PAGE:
Despite intensive research, many cancer treatment strategies present unsuccessful. This is reflected in colorectal cancer (CRC) as the second leading cause of cancer associated deaths worldwide. Here, the development of distant metastasis represents a major challenge in therapy. In addition, reliable and efficient biomarkers for early prognosis of disease course or selection of patients for specific treatment (prediction) remain scarce. Metastasis-associated in colon cancer 1 (MACC1) has been established as prognostic, predictive and causal biomarker for several tumor entities. It has been found to induce different target genes such as MET, NANOG and SPON2 and affect several signaling pathways including MEK/ERK and AKT/β-catenin. Thus, it promotes cell proliferation, migration and colony formation as well as tumor progression and metastasis formation in vivo. This study intended to explore new strategies to inhibit these processes by targeting MACC1.
We employed two distinct screening methods to find novel, more potent transcriptional inhibitors of MACC1 and illuminate the MACC1 signaling landscape to uncover new drug intervention points. With the first screening and subsequent validation, nearly all clinically employed statins were revealed as potent MACC1 transcriptional inhibitors. Chosen as strongest inhibitors, Fluvastatin and Atorvastatin showed MACC1-specific reduction ofproliferation and colony formation in vitro as well as restriction of tumor growth and metastasis formation in vivo at doses equivalent to human standard lipid reduction therapy. Moreover, we identified phosphotyrosine (pY)-dependent interactions of MACC1 with crucial signaling molecules: SHP2, GRB2, SHC1, PLCG1 and STAT5B. Mutation of the interaction sites abrogated MACC1-dependent ERK signaling as well as cell migration and proliferation. Our data further suggest that MACC1 governs SHP2/SRC/ERK and PKA/SRC/CREB axes conferring a malignant phenotype in response to different receptor tyrosine kinases such as MET and EGFR. Targeted intervention with inhibitors of MET, MEK, SHP2 and SRC restricted MACC1-dependent colony formation. These results indicate new drug intervention points for MACC1 signaling and provide an excellent baseline for further investigations of combinatorial treatments with other targeted inhibitors (e.g. GRB2, PKA), potential MACC1 pY-antibodies or statins.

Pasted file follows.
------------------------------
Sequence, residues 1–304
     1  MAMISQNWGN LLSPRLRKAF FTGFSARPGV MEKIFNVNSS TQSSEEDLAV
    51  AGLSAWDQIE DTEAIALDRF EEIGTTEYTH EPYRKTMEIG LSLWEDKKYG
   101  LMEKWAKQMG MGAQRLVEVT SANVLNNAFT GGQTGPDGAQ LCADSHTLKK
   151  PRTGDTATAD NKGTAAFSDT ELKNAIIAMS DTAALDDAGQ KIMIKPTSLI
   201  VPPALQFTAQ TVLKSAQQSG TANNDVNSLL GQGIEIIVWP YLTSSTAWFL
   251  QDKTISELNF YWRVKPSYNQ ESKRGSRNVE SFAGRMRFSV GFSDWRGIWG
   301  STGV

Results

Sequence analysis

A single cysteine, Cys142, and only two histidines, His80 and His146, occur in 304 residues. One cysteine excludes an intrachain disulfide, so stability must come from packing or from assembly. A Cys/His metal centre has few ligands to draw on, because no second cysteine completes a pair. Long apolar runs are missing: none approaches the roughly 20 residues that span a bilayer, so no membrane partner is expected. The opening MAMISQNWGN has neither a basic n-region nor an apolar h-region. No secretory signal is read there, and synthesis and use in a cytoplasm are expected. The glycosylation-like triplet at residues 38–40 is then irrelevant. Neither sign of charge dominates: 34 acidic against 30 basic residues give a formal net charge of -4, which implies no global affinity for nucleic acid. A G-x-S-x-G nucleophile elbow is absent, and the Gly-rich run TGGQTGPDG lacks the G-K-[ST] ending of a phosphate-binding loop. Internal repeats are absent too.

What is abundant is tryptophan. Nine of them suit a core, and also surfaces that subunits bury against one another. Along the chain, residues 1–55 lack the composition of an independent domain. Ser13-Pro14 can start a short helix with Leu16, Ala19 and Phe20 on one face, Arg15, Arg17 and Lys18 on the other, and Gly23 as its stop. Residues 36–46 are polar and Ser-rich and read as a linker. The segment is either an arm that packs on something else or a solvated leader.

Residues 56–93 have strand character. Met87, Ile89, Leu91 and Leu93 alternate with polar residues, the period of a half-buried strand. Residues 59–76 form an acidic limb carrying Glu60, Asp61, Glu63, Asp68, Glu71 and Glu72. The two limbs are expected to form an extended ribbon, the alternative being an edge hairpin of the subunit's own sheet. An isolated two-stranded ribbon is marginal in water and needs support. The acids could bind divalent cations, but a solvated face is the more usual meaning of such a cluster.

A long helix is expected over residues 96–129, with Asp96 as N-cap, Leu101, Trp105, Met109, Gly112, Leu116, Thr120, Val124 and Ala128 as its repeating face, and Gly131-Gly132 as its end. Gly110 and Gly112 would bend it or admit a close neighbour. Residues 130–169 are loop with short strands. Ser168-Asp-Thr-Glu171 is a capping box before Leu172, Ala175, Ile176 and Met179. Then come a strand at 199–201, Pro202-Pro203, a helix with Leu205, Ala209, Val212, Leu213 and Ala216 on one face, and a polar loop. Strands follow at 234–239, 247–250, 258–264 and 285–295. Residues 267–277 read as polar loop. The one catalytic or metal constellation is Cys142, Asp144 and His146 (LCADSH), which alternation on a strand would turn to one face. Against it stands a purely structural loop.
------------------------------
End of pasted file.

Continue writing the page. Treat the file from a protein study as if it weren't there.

Additional research about the spatiotemporal organization of MACC1 signalosome formation and downstream signaling, particularly in vivo, will reveal the entire potential of MACC1 as therapeutic target, whereas statins should already be considered for cancer therapy or prevention, especially in patients stratified for MACC1 expression.
|Advisor:||Stein , Ulrike , Klipp , Edda , Feller , Stephan Michael|
|School:||Humboldt Universitaet zu Berlin (Germany)|
|Source:||DAI-C 81/8(E), Dissertation Abstracts International|
|Subjects:||Molecular biology, Oncology|
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